"This is what allows us to pin down the causal effect — it's that there are these application thresholds in the system that people cannot control exactly on which side they find themselves," Leuven said. "So that means that we can compare people who are around these thresholds."

The researchers used records that provided information on nearly all applications to higher education in Norway from 1998 to 2004. They merged this information with administrative registers provided by Statistics Norway that cover information on each resident from 1967 to 2017. The final sample size was 110,345 students who applied for a least two programs, where the most preferred program had an admission cutoff and the next-best alternative had a lower cutoff. 

The researchers found that a student enrolling in their preferred institution increased the homogamy rate within that institution by 9 percentage points by the 10th year of the study. Likewise, a student enrolling in the preferred field of study had a smaller effect, increasing homogamy with respect to that field by about 4 percentage points. 

After adjusting for the differences in the distribution of men and women, since they differ more across fields and programs than they do institutions, the researchers found that the homogamy rate increased by 15 percentage points for institutions and about 7 percentage points for fields of study. 

The researchers also noted that that one in eight college-educated couples have degrees in the same field, and while there are some fields of study that have higher rates of homogamy than others — such as law and medicine, where enrollment increases homogamy by 8 and 13 percentage points, respectively — the researchers ultimately found that enrolling in a particular field makes it no more likely to marry someone from other institutions with the same field. What really mattered was that individuals in the same field attended the same institution.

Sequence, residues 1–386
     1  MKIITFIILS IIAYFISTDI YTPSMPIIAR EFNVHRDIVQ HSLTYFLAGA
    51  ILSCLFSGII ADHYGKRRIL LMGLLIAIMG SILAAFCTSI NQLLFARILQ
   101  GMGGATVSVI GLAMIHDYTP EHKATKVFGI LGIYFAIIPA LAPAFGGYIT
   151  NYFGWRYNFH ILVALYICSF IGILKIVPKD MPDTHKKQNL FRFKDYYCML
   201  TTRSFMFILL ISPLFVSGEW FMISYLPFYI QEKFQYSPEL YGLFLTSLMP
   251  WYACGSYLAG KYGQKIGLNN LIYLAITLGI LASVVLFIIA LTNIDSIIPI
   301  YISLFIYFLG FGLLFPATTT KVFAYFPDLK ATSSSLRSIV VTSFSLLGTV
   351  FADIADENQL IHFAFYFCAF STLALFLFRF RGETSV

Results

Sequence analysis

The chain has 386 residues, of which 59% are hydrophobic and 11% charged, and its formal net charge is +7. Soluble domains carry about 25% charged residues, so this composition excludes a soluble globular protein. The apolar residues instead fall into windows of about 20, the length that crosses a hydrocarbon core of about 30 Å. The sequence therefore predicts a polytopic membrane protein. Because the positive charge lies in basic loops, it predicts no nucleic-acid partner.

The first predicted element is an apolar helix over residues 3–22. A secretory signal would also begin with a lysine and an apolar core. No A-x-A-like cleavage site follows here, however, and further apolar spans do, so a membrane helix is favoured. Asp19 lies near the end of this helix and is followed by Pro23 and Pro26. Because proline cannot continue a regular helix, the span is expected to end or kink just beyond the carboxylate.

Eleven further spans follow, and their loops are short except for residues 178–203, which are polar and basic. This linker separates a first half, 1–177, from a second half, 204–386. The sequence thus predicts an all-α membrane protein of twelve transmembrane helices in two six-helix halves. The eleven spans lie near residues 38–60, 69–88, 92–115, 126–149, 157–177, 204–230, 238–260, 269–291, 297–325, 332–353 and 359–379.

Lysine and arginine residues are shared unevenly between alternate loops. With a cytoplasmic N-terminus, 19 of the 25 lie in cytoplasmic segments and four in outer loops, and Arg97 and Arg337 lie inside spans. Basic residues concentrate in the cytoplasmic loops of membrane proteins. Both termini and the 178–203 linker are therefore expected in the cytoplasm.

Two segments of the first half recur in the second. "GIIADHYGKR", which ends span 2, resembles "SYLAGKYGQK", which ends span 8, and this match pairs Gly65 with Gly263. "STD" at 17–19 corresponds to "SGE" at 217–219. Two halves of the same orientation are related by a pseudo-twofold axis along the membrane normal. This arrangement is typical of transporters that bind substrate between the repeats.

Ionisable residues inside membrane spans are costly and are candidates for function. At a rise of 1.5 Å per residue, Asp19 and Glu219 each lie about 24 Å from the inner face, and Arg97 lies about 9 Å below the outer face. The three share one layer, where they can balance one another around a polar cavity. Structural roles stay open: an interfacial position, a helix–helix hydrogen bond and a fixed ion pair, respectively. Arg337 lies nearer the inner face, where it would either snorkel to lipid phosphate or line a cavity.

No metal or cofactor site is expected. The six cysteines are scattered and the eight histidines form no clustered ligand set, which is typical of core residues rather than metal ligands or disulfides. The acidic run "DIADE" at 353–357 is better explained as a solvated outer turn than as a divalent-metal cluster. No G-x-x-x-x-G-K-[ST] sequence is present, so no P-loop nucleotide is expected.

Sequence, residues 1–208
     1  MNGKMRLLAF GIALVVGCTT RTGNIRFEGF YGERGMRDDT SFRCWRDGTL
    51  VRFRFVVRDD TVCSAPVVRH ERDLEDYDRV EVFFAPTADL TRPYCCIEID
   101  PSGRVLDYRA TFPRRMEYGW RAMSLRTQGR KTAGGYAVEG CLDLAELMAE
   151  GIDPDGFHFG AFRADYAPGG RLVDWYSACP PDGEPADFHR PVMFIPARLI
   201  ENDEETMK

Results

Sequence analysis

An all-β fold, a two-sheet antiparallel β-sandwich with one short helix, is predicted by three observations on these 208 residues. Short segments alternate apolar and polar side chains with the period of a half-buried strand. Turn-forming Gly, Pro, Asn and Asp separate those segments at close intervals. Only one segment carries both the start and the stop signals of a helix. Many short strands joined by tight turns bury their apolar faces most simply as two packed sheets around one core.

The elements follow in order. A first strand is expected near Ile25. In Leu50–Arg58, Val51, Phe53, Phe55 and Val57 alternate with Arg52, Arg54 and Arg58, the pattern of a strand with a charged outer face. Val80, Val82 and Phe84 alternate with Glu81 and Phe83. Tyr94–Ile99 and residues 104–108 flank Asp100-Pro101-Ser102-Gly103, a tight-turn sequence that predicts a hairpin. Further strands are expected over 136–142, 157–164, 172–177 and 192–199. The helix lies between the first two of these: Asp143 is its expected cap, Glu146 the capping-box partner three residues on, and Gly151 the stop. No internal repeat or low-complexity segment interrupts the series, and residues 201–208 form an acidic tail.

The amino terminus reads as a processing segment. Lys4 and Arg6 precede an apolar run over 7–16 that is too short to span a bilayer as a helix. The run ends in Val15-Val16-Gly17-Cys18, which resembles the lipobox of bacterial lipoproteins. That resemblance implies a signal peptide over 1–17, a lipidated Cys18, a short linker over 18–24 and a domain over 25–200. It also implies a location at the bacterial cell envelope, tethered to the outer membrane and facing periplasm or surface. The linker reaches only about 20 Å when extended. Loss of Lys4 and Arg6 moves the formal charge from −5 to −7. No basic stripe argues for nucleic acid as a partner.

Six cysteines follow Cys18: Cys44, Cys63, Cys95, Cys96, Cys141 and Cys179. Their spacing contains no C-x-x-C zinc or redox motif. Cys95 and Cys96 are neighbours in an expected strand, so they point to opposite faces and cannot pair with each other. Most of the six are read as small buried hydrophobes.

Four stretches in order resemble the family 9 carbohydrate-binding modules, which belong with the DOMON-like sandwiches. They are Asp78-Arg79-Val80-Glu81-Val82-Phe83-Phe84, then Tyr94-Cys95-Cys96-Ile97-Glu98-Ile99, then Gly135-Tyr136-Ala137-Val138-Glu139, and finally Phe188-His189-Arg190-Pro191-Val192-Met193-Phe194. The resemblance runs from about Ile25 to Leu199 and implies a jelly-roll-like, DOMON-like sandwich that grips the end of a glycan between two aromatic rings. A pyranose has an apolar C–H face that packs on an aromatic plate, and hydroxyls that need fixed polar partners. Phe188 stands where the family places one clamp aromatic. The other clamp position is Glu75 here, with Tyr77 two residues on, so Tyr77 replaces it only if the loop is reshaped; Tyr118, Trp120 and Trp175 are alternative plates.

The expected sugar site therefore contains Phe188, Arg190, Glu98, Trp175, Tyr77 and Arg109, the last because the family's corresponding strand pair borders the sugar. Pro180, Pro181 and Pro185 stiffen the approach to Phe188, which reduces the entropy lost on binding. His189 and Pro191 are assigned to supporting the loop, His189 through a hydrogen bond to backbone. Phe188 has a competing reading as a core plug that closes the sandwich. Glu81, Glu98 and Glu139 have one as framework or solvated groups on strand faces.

Since the admissions cutoffs randomize applicants into particular institutions and fields of studies, the researchers also eliminated any correlation between educational choices and predetermined preferences and abilities, implying that the large impacts on homogamy and assortativity reflect the educational choices that individuals make rather than predetermined traits.

This paper contributes to academic literature in this field of study by managing to pin down the causal effect of education choices on mating markets, Leuven said, bringing academia one step closer toward more fully understanding mating assortativity and the driving factors behind high levels of homogamy among college-educated individuals.

"What we show is that institutions are extremely important in explaining this," Leuven said. "And that the nature of this matching is very local within institutions, which suggests that people are making these matches in very, very narrow local environments." 

The study "College as a marriage market," published as a working paper on April 19 by the National Bureau of Economic Research, was co-authored by Lars Kirkebøen, Statistics Norway; Edwin Leuven, University of Oslo and Statistics Norway; and Magne Mogstad, University of Chicago and National Bureau of Economic Research.

Saving
We use cookies to improve your experience on our site and to show you relevant advertising.